Hong Kong also features a pretty good nightlife scene (Lam Kwai Fong).

Making your trip more memorable: Hong Kong in itself is already enough for a trip, but you can also venture out to Macau or Shenzhen, China.

VIII. Rangoon, Myanmar

With Myanmar (Burma) opening up since a few years now, there are probably few places in the world where you can find so many changes and business opportunities. Rangoon, or Yangoon, is bustling with change. Burma is far from being a competitive market economy, so hotels are not cheap for what you can get.

Embassy: Average practices.

Getting there: There are direct flights from Chiang Mai (Air Bagan), but make sure you have got your Burmese visa first (in Bangkok or elsewhere).

IX. Kunming, China

Not many people realize, but from Chiang Mai Yunnan province is actually not that far. There are a lot of influences from the nearby areas in China into Chiang Mai.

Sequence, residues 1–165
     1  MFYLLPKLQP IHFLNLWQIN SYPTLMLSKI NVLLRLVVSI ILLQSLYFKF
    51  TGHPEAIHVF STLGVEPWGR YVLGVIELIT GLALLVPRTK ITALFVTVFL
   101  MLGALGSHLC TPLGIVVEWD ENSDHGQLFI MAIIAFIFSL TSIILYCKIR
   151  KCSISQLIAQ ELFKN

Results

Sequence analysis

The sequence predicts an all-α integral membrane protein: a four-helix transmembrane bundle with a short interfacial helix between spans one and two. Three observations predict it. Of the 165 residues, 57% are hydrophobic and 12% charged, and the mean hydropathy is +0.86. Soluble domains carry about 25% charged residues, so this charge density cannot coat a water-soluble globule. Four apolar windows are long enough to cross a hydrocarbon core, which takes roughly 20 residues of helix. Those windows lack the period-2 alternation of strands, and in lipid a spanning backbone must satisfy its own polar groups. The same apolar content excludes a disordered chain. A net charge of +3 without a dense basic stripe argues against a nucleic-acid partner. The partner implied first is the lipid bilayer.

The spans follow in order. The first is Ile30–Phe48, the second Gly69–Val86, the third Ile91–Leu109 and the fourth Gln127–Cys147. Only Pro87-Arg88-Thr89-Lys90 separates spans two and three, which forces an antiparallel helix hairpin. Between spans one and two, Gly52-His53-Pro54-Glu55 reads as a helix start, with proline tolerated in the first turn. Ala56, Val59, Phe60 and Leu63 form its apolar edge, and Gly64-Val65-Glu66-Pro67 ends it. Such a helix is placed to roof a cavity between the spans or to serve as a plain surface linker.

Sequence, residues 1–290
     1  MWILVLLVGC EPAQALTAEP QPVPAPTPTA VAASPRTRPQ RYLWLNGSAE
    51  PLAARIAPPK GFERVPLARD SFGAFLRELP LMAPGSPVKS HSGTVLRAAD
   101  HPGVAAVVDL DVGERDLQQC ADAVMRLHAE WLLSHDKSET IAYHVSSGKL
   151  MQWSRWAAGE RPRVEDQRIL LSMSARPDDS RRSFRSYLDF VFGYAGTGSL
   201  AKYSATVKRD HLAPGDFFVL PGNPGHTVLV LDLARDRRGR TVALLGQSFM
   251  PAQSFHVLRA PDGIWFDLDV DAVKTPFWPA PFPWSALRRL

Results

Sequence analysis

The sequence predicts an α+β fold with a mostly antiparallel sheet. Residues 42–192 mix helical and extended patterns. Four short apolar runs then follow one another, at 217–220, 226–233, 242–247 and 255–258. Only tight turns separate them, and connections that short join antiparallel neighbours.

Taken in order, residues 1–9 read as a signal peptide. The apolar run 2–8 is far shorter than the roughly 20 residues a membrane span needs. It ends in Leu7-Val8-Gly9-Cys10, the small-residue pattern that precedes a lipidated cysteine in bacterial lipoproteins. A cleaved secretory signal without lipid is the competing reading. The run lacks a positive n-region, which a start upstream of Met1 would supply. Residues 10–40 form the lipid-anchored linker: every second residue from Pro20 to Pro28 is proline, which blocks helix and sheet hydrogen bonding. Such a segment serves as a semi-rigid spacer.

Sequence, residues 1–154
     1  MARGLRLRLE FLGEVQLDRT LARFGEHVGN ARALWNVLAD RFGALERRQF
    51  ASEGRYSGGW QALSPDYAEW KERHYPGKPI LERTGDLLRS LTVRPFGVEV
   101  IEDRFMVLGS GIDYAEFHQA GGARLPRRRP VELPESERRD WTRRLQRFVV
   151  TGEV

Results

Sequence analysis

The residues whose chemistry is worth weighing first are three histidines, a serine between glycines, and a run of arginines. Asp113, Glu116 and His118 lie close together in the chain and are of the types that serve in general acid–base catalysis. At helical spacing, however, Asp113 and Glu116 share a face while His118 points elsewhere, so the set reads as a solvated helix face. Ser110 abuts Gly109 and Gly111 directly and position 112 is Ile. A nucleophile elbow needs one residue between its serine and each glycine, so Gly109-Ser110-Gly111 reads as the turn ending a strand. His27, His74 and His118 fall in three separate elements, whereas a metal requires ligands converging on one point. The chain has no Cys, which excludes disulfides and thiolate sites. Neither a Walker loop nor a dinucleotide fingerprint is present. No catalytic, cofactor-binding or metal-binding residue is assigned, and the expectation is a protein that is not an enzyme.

Embassy: Average practices

Getting there: There are no direct flights anymore from Chiang Mai, you've got to fly through Bangkok (Thai Airways). You can also go over land: cross the Mekong in Chiang Khong into Laos and take a bus from there.

What to do: Enjoy Chinese culture in one of China's cleanest cities

Making your trip more memorable: From Kunming, you can go to the Stone Forest and Lijiang, an ancient Chinese town.

Want to stay long term in Thailand? Get a 1-year visa with ease.

DISCLAIMER: This information was compiled from several sources and best-practises. Policies, prices and procedures of the Thai authorities change continuously. CM Locator accepts no liability for incorrectness of information here. Help us keep this information as update and useful for visa applicants as possible and let us know if you find something has changed.